While much of the world’s great architecture is seen through our own eyes or via a still photo, many marvels are also seen behind the film camera lens. Much of the world’s great architecture has been used within iconic films, or in some instances, has even been created for sets for these particular films. So, without further ado and in no particular order, here’s our favourite pieces of architecture seen in the world of film through the ages.
The Big Lebowski (1998)
The Big Lebowski follows Jeffrey "the Dude" Lebowski on a wild goose chase to deliver ransom money for the ‘other’ Jeffrey Lebowski, aka The Big Lebowski. Throughout the Dude’s wild ride, he ends up in some brilliantly designed homes, including Jackie Treehorn’s House and The Big Lebowski’s Mansion.
The colonial-style mansion features chequered-tiled hallways and grand archways amongst a massive Beverly Hills property, with the Greystone living room a highlight of the house, with its open-plan, texturally elegant styling that features high ceilings, wooden flooring and grand chandeliers. Jackie Treehorn’s house is a contemporary masterpiece, and was even utilised for Marvel as Tony Stark’s house in recent films.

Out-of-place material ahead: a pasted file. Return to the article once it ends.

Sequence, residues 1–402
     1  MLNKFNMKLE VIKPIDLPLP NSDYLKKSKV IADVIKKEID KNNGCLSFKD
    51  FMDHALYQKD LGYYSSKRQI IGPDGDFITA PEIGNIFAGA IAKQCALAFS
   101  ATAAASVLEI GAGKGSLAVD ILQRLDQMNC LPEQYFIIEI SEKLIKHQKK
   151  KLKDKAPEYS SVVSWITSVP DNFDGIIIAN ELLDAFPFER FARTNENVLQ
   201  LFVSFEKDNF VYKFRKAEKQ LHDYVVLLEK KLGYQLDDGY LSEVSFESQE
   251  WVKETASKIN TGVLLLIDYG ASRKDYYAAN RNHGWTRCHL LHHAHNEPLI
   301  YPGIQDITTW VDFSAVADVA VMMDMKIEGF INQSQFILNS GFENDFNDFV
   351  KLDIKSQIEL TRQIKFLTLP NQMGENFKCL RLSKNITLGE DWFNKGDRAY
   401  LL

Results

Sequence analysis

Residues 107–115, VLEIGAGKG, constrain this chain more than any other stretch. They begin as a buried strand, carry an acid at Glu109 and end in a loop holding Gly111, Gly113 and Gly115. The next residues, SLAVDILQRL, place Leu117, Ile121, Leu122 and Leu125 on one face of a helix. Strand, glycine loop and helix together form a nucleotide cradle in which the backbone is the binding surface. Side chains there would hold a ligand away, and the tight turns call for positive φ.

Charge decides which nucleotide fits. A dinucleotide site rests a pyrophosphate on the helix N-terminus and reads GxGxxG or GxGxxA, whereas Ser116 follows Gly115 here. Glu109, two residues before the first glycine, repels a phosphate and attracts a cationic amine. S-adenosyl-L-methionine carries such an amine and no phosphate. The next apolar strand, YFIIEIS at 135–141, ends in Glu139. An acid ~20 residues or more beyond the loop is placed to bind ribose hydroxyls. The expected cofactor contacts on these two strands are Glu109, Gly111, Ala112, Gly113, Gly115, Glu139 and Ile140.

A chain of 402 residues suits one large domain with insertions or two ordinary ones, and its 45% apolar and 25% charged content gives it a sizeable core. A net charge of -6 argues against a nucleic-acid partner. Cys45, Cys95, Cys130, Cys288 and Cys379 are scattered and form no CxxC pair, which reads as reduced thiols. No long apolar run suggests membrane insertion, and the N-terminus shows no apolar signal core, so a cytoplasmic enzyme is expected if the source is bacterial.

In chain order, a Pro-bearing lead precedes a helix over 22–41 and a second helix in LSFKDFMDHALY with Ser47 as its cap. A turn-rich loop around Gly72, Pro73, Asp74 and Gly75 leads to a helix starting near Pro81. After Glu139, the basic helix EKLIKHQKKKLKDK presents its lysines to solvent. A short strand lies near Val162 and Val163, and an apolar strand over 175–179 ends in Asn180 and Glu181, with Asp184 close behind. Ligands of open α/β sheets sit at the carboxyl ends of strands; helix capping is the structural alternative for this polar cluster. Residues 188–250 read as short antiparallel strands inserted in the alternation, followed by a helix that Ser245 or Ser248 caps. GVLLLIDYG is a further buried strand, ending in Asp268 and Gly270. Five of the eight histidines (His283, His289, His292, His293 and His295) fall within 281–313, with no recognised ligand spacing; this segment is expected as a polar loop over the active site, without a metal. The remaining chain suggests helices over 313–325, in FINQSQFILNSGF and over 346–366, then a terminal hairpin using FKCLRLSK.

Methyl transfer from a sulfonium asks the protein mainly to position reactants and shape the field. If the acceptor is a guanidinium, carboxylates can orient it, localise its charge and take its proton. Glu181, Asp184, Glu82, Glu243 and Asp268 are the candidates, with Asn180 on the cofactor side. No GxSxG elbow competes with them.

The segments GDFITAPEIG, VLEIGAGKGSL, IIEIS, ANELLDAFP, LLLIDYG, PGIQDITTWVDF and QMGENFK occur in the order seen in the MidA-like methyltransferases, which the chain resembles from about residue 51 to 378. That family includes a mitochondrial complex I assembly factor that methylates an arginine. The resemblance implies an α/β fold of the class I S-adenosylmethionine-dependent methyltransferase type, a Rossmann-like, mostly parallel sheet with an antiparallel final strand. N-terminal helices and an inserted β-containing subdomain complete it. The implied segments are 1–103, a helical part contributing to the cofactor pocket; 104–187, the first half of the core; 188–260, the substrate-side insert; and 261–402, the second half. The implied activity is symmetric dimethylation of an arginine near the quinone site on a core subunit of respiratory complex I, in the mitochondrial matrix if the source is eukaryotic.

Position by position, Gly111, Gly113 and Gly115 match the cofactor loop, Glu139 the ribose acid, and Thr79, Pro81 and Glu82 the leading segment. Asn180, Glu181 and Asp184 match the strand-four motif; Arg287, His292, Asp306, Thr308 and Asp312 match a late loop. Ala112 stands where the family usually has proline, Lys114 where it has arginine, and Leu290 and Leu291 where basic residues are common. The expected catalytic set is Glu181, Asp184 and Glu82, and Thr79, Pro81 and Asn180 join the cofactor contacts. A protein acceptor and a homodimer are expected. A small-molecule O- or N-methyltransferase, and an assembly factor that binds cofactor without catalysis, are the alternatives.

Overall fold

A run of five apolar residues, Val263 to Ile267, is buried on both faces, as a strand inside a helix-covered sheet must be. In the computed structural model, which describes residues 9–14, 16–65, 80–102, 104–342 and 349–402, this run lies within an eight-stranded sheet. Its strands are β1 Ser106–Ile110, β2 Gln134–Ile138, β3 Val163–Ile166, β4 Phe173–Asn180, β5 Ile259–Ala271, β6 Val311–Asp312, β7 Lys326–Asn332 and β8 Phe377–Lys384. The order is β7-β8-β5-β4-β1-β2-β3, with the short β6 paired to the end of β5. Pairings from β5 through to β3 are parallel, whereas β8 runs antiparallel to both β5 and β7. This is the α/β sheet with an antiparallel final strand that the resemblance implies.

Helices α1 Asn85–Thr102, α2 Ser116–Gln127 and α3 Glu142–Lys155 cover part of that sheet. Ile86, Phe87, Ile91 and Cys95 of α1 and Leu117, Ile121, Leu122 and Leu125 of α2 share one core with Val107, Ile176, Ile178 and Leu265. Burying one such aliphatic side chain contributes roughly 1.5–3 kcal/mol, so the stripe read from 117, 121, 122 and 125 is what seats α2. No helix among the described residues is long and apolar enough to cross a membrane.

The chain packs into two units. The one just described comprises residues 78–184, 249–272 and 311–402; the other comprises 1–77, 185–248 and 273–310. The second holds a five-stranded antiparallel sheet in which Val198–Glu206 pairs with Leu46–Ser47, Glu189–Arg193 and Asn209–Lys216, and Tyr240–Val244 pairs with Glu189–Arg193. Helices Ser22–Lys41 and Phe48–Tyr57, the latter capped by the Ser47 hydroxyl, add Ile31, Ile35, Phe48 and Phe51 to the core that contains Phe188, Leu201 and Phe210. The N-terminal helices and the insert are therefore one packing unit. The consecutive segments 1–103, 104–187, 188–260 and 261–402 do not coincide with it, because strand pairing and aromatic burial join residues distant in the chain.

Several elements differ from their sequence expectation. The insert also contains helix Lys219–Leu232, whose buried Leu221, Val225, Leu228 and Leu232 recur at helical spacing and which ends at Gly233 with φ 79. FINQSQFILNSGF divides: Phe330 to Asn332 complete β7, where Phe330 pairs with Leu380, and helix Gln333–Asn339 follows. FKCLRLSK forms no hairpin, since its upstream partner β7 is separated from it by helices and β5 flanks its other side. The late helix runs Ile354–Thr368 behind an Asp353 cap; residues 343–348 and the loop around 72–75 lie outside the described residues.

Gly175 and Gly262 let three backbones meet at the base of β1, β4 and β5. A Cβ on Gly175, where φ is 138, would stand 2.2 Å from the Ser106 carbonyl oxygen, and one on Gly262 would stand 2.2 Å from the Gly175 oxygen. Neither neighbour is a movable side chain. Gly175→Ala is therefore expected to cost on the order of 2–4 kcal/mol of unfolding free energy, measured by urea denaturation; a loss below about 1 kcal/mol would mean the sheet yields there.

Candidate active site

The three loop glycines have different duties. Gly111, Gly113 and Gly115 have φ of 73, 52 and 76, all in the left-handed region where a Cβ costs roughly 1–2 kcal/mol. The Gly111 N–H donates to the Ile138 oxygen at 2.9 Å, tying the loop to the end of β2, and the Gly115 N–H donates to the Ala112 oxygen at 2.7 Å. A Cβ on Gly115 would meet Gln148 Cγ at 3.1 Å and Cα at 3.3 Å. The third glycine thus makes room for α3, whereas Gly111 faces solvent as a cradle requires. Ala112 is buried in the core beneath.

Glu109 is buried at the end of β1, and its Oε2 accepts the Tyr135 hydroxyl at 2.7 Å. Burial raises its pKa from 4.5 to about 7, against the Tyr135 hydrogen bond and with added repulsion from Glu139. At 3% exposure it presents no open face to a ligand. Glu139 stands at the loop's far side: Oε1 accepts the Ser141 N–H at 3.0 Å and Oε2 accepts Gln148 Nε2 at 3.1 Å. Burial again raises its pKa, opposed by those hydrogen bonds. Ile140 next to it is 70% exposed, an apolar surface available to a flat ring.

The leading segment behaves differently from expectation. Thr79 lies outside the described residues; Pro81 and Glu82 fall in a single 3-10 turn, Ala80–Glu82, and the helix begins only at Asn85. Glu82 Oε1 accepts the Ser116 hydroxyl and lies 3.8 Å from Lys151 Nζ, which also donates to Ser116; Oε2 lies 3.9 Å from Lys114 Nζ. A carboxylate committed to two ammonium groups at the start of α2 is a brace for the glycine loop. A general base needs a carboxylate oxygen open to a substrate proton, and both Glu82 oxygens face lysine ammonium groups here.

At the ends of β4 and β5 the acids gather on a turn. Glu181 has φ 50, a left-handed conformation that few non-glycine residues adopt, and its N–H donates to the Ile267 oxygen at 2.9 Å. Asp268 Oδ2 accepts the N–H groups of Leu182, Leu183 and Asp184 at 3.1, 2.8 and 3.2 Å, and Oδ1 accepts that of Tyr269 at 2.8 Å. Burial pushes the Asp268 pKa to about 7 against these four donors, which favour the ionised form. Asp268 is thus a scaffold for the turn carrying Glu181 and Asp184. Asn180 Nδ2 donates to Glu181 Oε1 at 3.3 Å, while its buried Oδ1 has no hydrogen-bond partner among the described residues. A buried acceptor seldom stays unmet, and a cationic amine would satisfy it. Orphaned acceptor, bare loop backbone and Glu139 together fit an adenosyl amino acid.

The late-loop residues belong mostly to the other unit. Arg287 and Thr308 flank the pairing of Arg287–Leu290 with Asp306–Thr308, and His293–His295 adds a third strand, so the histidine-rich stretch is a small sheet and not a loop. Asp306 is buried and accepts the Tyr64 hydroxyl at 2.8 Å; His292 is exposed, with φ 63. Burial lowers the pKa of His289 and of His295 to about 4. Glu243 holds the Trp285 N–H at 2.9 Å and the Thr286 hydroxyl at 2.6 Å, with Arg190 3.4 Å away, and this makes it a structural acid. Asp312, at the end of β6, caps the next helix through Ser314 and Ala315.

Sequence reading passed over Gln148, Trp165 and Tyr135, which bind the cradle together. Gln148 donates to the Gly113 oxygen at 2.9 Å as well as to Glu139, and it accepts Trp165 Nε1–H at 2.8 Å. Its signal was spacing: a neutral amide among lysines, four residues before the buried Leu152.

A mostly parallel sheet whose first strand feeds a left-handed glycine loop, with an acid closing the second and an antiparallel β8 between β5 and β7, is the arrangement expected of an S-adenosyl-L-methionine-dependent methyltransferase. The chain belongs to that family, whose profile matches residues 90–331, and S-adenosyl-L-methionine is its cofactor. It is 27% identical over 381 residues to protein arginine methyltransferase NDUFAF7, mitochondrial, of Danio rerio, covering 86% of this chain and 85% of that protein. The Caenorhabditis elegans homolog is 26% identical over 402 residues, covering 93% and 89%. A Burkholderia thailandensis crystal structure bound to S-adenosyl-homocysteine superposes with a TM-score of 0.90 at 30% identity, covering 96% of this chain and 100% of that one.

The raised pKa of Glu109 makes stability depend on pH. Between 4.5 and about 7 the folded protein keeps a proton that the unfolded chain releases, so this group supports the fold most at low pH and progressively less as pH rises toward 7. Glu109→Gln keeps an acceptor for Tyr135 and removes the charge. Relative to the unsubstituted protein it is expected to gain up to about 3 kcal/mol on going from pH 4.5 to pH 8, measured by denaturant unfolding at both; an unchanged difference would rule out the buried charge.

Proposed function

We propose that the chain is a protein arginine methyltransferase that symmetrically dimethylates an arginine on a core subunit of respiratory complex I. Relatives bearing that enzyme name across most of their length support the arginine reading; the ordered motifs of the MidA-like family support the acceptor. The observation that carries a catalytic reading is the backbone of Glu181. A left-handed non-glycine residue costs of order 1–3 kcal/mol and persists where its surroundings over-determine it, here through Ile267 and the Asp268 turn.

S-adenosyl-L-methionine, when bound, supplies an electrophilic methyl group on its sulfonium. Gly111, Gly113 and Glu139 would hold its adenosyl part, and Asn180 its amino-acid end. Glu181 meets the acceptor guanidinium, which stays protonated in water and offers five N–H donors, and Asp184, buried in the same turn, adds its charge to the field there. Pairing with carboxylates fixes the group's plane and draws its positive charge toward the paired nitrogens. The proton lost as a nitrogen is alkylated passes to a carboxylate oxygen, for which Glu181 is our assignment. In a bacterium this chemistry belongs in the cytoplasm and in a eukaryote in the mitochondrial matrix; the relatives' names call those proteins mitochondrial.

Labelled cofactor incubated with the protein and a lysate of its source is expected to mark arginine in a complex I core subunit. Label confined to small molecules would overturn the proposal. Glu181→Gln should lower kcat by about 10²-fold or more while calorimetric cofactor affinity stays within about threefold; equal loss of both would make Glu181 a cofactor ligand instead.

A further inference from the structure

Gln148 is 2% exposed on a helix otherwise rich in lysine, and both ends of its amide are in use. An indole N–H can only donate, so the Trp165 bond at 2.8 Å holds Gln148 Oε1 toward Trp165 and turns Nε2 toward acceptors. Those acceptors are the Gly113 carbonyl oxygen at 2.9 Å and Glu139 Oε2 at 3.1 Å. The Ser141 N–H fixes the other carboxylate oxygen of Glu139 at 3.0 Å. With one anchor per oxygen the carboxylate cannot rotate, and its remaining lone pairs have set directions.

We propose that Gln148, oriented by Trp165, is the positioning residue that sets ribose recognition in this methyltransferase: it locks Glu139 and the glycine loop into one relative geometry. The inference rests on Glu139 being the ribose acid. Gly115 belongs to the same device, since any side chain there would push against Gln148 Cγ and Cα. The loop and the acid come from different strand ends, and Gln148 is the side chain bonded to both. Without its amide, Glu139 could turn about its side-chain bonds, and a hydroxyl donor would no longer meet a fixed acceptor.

Blade Runner (1982)
A cult classic and dystopian sci-fi film in every sense, Blade Runner depicts a futuristic Los Angeles that contains streetscapes of irregular sculptures, monolithic ancient Greek-esque architecture and neon-heavy skyscrapers. The work conducted by industrial designer Syd Mead resulted in a set that was a pioneer for the science fiction genre.
The Ennis House, one of Frank Lloyd Wright’s signature works, features within the movie as well, used as Rick Deckard’s apartment. Only the exterior was utilised for the movie, with scenes such as Harrison Ford’s character looking upon the city, with the interior of the apartment a set directly inspired by the house.
Ex Machina (2015)
Known for its themes of artificial intelligence and humanity, the independent film won an Academy Award for Best Visual Effects, but it's the identification of the Norwegian Juvet Landscape Hotel that ultimately wins Ex Machina a spot on this list.
Using a cabin with an exterior covered in wooden cladding, a rear that utilises floor-to-ceiling windows and sitting within an intense environmental landscape, the cabin and the ‘residence’, a house that sits above the cabins, were utilised by the crew. Both were designed by Norwegian practice Jensen & Skodvin Architects, that work within various sectors throughout Europe.